I wasn’t surprised to read the editorial in yesterday’s Williston Herald addressing the concerns they are having in North Dakota over the truckers in the fracking industry not taking the time to make appropriate use of the latrines, but instead they are reverting to the use of a plastic bottle (referred to as bottle bombs in the article) while inside their cab, which they then throw out the window while barreling down the highway at full speed.
500,000 barrels of oil are currently being extracted daily in the Williston Basin by 210 separate well sites. The efflux is so great that they don’t have the infrastructure to ship it out. The Marcellus shale in Pennsylvania has proven to be productive, and now the oil industry is poised to move onto the Utica Shale in our back and front yard here in Ohio.
These drilling rigs are enormous. They are situated on 5-acre lots. Each well site costs $7,000,000 just for drilling costs. Six to eight wells are drilled from the one location. Once the drill bit reaches the shale at 8,000 feet, the rigs drill horizontally through the shale for an additional mile, each well drilling off in a different direction, to maximize the area within a one-mile radius of the drilling pad. Water, with a mixture of sand, is then pumped into each well. The horizontal bores are porous. The pressure of the water “fractures” the ore, the grains of sand keep the ore from collapsing, enabling the oil to seep back into the well, which is then pumped to the surface.
There has been a lot of talk of fracking in our community. Apparently the talk has moved to action.
1. This is a picture I took yesterday of what was the former location of Riceland Cabinet, situated a couple of miles from our farm. It is now a distribution center for one of the many drilling operations that will be moving into our community.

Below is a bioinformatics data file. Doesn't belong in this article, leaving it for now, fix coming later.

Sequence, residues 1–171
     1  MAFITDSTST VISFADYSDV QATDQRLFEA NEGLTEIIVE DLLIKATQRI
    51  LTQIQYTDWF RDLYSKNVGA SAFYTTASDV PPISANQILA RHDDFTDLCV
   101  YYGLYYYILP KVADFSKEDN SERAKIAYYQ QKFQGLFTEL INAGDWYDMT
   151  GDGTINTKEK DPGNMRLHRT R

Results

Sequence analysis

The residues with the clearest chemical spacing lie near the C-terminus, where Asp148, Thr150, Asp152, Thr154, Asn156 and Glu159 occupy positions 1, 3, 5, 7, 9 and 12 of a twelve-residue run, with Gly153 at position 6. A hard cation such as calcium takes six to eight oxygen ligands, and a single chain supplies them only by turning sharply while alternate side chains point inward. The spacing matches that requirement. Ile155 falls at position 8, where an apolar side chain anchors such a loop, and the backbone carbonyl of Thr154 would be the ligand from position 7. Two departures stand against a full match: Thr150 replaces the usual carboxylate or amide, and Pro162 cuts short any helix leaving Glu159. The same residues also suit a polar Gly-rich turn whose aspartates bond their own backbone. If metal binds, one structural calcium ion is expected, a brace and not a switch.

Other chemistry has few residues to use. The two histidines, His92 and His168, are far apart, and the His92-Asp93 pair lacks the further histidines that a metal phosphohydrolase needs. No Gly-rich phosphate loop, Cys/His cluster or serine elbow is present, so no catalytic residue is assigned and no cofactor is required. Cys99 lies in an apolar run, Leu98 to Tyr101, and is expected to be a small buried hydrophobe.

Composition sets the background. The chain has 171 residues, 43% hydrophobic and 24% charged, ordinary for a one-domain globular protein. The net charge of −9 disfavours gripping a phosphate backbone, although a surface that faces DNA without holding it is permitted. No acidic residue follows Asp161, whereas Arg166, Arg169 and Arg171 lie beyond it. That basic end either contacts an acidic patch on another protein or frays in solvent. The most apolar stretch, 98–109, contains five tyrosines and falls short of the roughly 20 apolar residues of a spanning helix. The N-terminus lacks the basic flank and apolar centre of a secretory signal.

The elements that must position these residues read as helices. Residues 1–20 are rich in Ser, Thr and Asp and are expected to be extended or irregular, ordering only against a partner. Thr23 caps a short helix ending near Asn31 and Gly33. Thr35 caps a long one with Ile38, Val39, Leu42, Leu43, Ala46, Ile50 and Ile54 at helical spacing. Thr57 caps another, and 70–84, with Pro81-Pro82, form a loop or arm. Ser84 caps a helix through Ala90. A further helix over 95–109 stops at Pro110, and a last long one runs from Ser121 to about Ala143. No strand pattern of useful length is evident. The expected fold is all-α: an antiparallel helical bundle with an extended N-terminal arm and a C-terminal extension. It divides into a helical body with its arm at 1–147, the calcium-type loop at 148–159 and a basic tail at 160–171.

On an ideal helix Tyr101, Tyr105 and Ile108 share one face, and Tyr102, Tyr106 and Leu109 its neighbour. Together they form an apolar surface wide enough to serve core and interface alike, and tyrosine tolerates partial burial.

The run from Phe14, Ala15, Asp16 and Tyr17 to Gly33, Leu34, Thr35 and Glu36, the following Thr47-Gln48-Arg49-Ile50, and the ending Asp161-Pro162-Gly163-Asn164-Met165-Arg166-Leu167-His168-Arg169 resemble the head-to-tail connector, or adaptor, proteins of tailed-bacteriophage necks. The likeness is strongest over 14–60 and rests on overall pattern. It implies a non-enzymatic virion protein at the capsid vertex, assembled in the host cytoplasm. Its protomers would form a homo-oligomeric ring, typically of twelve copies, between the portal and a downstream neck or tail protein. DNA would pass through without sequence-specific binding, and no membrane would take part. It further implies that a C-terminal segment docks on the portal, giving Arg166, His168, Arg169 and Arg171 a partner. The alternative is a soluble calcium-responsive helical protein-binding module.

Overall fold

2. Financial advisers in our community are working triple time to keep up with the demands from their clients. Landowners that sign leases with the oil companies are receiving upwards of $5,000 an acre plus 20% of the royalties. The lease money is pouring into our community, but covertly, as Mennonites and Amish don’t make a habit of discussing their income or their addictions.
3. Word got out that an Amishman had $93,000 in cash stashed in his home from leasing his land. $2,500 of it was stolen.
4. At a recent tractor-trailer event, one business owner purchased 41 tractors to keep up with the demands of the drilling rigs. Each rig requires 2,000 truck loads consisting of water, cement, sand, and gravel to complete a well. You do the math on how much traffic, dust, and havoc this will cause on our country roads designed for cars, buggies, and farm equipment. Asphalt designed to last 20 years will be shredded to rubble in one winter.
Here are some of the ramifications of what fracking will do to our community, if it is anything comparable to Williston.
1. Our community will turn into a man cave. RVs and trailers will be parked wherever they can contract with local property owners. Overnight, sewage disposal truck operations will start up, pumping out temporary holding tanks on these temporary RV parks set up on good farmland. No hotel rooms will be available within miles.
2. Populations in local towns will double. The sewage infrastructures will not be able to cope.
3. The police departments will be stretched to the max. The operators that move in to run the trucks and drilling rigs are mostly single men with a high disposable income, looking for action on their down time. A rough neck was arrested for rape in Williston two days ago.
4. Divorce rates in Williston have escalated with wives leaving their husbands to live a more glamorous lifestyle with the oil workers and their disposable cash, if you call living in a temporary truck camper glamorous.
5. Environmental issues would require another blog, suffice to say there have been earthquakes attributed to the disposing of the waste water from the wells in Youngstown, Ohio. Well water has been contaminated due to mismanagement of waste around the wellheads.
Our farm has been in the family for eight generations. A few years ago we placed the farm in a conservation easement to prevent future commercial or residential development. That provides some protection from immediate contamination to the surface of our farm, but no conservation easement is capable of protecting what could occur 8,000 feet below the surface.
It may take two or three years for the scenario that I’ve painted to unfold, but from everything I have been able to deduce, we are well under way.
The rolling hills of this peaceful Swiss community will never be the same. The thousands of trees we’ve planted over the years and the birding sanctuary we are attempting to create will encounter serious setbacks.